Dr. Weinberg addressed the theme of preterism in his article from March 23rd. Overall, he did a good job with a complex subject in a short amount of space.
Preterism is certainly a flexible term; it has different meanings to different folks and thus is ambiguous. I hold certain tenets of preterism but rarely refer to myself as a preterist since such can be easily misconstrued.
Much of what Weinberg wrote would pertain to what some would call "Radical Preterism" (i.e., the notion that all end-time prophecies were fulfilled by A.D. 70 when the Romans destroyed Jerusalem). This vein of preterism is radical because it even affirms that Christ's second coming has already happened (and we missed it!). Such cannot be substantiated without a lot of twisting of God's word (cf. II Pet. 3:16).
Personally, I hold to a more moderate form of preterism. I believe John's Revelation was penned near the end of the first century and that a major focus of the book is upon the decline and fall of the Roman Empire, which would be a relief to the Christians suffering such brutal persecution for resisting emperor worship, etc. I believe that most of Revelation deals with matters that were fulfilled within a few hundred years of John's writing. One of the strongest points in favor of this view is the opening verse of the book itself - "The Revelation of Jesus Christ, which God gave Him to show His servants--things which must shortly take place. And He sent and signified it by His angel to His servant John" (Rev. 1:1; emp. add.). Jesus affirms that the things in the book would begin being fulfilled soon (not 1900 years later) and that John's writing would be primarily signs or symbols (which means they should not be understood literally).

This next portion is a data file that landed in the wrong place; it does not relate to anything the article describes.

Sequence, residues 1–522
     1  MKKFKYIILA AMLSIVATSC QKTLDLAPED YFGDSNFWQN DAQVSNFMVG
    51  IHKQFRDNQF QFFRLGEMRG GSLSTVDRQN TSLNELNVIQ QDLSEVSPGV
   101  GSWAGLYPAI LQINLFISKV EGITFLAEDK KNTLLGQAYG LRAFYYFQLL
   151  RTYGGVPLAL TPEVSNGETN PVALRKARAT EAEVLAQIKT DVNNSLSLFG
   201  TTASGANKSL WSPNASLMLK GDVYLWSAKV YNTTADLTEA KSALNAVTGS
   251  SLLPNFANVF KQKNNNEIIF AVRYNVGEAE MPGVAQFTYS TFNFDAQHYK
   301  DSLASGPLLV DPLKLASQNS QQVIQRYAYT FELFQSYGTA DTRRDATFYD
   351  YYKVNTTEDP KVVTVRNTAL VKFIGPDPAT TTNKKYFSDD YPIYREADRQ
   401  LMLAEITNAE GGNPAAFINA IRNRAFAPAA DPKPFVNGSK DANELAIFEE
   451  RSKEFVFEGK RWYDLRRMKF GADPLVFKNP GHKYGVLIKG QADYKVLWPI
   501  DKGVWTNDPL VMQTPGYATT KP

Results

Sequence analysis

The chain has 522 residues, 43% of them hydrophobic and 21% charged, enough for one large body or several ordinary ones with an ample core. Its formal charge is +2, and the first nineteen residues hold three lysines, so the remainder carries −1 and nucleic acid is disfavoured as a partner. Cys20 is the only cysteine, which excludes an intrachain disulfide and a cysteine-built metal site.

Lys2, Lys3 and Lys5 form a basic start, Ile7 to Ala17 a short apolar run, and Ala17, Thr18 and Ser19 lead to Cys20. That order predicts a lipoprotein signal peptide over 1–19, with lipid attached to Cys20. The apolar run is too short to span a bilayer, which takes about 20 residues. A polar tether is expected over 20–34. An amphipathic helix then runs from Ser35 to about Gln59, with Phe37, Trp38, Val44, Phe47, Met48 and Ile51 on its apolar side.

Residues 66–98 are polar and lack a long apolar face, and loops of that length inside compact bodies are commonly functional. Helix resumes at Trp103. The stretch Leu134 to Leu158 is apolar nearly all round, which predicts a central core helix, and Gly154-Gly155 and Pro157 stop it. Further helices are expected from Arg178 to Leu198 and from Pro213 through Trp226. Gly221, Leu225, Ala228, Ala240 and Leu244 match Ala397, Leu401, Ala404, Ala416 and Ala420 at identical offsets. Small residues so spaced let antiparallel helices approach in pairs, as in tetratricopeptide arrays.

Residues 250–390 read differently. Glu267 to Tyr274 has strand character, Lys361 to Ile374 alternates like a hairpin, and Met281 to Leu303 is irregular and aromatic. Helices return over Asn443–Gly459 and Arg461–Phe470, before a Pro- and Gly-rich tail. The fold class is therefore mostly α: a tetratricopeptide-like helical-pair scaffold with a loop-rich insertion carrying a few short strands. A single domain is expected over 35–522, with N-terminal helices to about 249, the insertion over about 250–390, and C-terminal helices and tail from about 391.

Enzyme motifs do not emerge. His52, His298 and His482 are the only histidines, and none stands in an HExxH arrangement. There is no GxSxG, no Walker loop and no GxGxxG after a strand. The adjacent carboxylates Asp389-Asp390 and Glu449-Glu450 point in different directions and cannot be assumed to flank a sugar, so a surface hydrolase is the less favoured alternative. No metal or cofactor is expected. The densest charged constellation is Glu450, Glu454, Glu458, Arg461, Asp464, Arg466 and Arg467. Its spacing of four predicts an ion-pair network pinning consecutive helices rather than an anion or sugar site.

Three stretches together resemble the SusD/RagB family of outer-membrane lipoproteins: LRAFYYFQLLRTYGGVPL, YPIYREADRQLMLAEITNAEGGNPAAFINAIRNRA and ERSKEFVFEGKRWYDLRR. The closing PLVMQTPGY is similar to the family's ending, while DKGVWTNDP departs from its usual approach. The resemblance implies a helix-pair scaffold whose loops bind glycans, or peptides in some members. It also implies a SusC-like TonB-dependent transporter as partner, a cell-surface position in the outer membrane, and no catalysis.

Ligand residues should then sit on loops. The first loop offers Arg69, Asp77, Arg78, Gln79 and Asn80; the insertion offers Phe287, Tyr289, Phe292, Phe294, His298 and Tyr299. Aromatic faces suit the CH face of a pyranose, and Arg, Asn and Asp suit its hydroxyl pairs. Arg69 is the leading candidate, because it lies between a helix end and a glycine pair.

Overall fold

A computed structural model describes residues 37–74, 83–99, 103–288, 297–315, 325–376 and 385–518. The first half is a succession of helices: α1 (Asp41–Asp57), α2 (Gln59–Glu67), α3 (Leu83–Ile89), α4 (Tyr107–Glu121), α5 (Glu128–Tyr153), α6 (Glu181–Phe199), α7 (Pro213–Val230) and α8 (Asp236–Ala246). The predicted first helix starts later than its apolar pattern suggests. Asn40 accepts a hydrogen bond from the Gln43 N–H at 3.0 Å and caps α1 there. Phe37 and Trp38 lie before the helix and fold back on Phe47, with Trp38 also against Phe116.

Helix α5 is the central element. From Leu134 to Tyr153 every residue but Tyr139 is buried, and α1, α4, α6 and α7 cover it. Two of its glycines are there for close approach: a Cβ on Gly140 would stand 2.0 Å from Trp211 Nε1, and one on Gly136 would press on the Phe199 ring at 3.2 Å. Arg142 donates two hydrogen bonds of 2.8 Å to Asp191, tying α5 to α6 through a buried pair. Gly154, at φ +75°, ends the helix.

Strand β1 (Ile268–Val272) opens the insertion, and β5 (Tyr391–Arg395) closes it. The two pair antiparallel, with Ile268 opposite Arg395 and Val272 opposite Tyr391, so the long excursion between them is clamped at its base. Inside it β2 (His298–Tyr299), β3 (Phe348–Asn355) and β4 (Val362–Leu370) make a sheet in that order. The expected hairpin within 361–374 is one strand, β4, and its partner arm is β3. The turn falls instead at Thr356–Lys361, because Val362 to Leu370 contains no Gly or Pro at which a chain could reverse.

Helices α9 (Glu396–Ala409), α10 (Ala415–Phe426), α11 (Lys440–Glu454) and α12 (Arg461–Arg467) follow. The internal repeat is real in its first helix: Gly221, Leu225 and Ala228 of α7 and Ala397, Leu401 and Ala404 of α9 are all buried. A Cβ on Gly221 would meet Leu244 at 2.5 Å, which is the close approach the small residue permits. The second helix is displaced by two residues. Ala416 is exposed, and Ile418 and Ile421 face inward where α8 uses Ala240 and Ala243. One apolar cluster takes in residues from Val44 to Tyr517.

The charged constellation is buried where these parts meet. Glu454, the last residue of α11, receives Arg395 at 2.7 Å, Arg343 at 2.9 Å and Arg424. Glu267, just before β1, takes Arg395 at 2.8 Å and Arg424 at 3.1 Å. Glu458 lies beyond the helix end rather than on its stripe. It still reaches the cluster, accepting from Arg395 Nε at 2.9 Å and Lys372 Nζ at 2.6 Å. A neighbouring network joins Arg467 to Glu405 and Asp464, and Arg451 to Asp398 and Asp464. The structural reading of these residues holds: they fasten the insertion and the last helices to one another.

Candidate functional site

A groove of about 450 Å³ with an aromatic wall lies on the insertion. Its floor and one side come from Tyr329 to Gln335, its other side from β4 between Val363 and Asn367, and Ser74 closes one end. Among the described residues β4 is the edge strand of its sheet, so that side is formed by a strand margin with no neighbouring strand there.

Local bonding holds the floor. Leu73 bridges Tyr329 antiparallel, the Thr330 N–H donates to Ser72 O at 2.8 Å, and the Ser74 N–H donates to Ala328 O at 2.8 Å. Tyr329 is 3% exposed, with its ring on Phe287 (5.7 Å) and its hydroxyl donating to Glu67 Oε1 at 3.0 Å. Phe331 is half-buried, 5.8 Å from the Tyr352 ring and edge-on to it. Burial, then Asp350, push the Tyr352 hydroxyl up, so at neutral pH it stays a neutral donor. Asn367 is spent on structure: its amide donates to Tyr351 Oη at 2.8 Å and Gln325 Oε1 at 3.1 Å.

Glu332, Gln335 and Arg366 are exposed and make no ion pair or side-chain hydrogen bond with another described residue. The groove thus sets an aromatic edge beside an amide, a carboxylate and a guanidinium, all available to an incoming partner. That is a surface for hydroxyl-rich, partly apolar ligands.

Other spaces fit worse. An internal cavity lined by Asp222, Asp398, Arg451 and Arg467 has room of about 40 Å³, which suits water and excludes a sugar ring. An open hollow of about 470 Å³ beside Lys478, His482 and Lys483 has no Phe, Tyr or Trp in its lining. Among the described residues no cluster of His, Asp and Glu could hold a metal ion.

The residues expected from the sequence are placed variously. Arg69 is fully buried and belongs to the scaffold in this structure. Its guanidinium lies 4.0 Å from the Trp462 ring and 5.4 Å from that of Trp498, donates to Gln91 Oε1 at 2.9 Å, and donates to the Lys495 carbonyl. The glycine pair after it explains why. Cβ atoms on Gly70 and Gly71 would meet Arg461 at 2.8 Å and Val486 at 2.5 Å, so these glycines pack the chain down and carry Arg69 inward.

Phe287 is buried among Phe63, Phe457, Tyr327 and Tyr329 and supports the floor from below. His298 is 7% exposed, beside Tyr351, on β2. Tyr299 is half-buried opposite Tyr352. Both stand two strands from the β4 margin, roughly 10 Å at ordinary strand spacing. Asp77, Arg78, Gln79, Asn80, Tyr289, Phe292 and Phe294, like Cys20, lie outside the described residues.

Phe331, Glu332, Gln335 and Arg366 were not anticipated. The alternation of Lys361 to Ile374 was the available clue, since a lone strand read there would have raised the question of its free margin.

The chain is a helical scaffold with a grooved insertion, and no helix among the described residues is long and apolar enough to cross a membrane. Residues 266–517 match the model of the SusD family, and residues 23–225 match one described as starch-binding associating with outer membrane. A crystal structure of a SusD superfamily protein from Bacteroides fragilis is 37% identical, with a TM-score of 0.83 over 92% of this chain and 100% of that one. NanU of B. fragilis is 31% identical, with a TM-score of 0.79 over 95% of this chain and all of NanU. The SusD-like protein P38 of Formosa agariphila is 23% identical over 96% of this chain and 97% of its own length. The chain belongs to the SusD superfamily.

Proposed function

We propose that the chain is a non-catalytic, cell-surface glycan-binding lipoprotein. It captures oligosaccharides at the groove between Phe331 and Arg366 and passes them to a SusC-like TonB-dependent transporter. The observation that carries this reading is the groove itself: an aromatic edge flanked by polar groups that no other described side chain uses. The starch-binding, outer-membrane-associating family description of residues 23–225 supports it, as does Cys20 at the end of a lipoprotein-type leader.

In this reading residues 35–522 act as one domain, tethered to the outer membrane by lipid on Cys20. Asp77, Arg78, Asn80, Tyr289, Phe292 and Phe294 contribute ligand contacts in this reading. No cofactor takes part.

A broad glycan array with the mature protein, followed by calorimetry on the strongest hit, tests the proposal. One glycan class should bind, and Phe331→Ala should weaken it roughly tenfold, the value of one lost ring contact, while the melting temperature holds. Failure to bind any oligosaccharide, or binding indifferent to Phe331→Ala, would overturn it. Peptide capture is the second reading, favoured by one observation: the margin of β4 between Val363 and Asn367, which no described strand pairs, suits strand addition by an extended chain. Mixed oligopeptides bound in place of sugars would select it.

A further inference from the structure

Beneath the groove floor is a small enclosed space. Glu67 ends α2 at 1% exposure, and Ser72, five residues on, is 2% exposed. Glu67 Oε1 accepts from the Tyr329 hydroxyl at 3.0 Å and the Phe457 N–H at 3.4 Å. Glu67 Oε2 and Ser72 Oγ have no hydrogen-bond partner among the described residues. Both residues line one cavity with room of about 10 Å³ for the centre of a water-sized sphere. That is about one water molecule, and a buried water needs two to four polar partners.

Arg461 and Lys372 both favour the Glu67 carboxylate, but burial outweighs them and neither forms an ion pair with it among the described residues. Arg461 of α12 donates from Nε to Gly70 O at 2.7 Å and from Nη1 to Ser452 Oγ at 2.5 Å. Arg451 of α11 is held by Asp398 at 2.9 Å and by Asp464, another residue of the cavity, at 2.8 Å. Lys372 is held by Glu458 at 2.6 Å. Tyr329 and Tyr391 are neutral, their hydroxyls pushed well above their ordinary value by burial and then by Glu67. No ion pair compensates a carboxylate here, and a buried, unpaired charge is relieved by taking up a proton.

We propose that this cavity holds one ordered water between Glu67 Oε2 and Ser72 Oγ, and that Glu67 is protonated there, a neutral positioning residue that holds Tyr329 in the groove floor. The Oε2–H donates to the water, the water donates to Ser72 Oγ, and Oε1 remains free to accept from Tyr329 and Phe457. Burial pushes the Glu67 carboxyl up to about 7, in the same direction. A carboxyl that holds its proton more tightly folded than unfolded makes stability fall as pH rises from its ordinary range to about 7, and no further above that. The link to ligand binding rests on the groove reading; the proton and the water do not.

My view is not without its difficulties; this I freely confess. I believe Revelation has been fulfilled except the last couple chapters of the book, which deal with the entrance of the faithful into heaven (the abode of God) at the second coming of Christ (which has yet to take place, as I understand).
Revelation is a most difficult book to interpret consistently. The major theme of the book seems simple enough, however, and I try to focus on it: In the end, God's faithful will be victorious! (cf. Rev. 2:10). I am doing my best to be among God's faithful and encourage you to do likewise.
It would be my pleasure to study any of these matters in greater depth with any interested party.